“Unified? Don’t make me laugh! I’ve personally seen no less than three grandfathers whack everyone else besides me after getting their hands on that treasure after a supposed team effort! Your grandfather is leading you along!”
The pizza store Nate stood his ground. “My grandpa can’t be leading me along! Uncle Alger killed him! My grandpa’s testament is sealed with his blood!”
“Uncle Alger? That old fool? I wouldn’t be surprised if grandfather didn’t set things up to where it looked like Alger killed him and swapped bodies with him. They look a lot alike, don’t they?”
“Lies! And I avenged grandpa’s death, at any rate!”
“Surely a miscalculation on his part – not reckoning that I – you – would track him down. Thank goodness my friend is here to show you what a miscalculation you have made!”
So now they knew I was here. Perhaps that was why they were arguing over things they already knew. If they could have taken each other out, I would see only one Nate. They needed me to act – to support one Nate over the other – to complete some part of their plan.
All of this over a treasure so amazing that it had led to cross-time parricide, yet a treasure also so inexplicable that I could not begin to understand it. I was only passingly familiar with the Gurner Function – I had barely passed Post-Differential Manifolds as a college sophomore, and it was why I decided to switch majors to International Business Literature. How could I begin to understand something to which that function was fundamental?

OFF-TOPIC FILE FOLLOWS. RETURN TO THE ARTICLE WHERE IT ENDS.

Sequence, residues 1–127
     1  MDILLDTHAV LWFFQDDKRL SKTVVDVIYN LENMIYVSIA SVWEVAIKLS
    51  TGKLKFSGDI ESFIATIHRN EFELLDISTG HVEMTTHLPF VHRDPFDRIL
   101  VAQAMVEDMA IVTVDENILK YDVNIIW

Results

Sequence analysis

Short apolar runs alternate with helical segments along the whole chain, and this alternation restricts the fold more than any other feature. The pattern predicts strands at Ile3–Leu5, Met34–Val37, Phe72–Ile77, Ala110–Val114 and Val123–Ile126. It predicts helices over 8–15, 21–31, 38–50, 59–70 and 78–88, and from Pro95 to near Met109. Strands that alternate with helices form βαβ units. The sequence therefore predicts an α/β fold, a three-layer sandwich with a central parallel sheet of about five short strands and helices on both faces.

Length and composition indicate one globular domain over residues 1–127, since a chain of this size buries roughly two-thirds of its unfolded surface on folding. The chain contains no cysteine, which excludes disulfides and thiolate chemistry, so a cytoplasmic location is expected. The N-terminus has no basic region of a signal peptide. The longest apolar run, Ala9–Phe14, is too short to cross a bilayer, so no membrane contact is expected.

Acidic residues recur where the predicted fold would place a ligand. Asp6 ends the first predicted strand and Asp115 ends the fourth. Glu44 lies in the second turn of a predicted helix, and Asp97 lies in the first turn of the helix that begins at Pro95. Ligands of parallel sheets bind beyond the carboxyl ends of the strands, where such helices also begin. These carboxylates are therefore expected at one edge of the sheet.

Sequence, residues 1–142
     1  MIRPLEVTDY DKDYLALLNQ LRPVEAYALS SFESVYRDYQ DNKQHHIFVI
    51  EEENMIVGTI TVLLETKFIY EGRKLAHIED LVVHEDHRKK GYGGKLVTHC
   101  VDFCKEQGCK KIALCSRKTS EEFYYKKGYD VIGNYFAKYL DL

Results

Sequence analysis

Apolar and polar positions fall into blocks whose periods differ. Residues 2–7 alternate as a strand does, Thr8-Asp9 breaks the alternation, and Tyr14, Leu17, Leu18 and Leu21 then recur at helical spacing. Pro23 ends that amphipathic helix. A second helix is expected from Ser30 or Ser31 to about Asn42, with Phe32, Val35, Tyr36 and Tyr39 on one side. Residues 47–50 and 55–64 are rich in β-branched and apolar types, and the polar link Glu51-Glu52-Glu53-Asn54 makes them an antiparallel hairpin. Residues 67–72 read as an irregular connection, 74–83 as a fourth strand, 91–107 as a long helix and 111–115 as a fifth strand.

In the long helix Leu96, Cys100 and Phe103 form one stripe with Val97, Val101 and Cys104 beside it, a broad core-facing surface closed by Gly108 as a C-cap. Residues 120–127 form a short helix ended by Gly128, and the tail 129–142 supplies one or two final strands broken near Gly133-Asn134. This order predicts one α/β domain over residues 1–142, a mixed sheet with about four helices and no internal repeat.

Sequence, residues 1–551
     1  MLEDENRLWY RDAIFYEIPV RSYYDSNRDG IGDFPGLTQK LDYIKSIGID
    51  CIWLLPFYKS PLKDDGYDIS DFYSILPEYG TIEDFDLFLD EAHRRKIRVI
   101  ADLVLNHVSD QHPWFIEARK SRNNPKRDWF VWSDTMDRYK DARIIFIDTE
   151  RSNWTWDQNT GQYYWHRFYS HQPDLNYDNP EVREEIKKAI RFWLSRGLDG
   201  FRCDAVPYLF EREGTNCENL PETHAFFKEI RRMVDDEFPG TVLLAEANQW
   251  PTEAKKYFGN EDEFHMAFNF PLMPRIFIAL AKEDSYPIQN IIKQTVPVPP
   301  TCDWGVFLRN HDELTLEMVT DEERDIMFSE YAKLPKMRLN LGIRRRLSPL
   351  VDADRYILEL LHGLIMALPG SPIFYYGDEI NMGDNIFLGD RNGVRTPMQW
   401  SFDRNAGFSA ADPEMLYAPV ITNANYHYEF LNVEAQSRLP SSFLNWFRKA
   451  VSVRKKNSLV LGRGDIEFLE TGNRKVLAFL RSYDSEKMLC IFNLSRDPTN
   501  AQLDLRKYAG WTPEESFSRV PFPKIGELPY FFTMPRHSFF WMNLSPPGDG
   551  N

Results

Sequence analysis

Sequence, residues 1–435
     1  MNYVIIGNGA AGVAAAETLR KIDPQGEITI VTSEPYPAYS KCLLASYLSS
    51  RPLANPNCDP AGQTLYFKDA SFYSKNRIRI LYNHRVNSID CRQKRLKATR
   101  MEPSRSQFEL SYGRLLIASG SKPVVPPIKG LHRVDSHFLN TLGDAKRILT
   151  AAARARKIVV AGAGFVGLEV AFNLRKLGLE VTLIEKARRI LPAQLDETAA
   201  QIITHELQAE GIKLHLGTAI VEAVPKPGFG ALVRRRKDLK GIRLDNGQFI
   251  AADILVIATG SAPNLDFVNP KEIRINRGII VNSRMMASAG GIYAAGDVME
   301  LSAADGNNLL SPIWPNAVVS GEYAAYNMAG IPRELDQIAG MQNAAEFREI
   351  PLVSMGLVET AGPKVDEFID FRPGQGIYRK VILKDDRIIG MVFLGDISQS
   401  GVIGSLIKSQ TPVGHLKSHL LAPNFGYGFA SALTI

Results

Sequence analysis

That is when I noticed the gun laying in front of me, on the sand. It was another of the odd models the Nates held on each other, but the basic principles seemed clear enough: barrel, handle, trigger – straightforward, right?
Both Nates seemed to be waiting for me to do something final. Shoot one, and give the other victory and, presumably, the treasure of the universe.
But what would I get? Reward? Betrayal? What fate would I have if I shot this Nate or that? If I shot neither of them? Was this a loyalty test and both Nates were actually working together, to see if I would be loyal to all Nates at all times? Was this some sort of experiment to see which Nate I would bond to and under what circumstances? It was clear I would kill one of his relatives, now I had to be tested to see if I would kill an actual Nate…
But I realized that I couldn’t live with myself if I killed the wrong Nate.
So I shot the pizza store Nate. I fired my weapon, energy flew into his body, dropping it like a sack of moldy onions. Cabana Nate smiled, dropped his weapon, and said, “Good choice, buddy.”
And that’s when I shot him. Second blast of energy, second sack of moldy onions.
From his perspective, shooting the other Nate was a good choice. From my perspective, it was only part of a good choice. I had to send a message to all those other Nates out there, some of whom surely had this place under surveillance – there were some suspicious-looking coconuts in the trees, for starters – and they had to know that I wanted nothing, nothing more to do with this madness. Once they knew I wasn’t going to be of any assistance, they would leave me well enough alone.
I set the device on the table and sighed as I faced up to the task of dragging two Nates out to sea. The bananas on the trees let me know that I could be in a worse situation.
Or, to be precise, that I had been in a worse situation.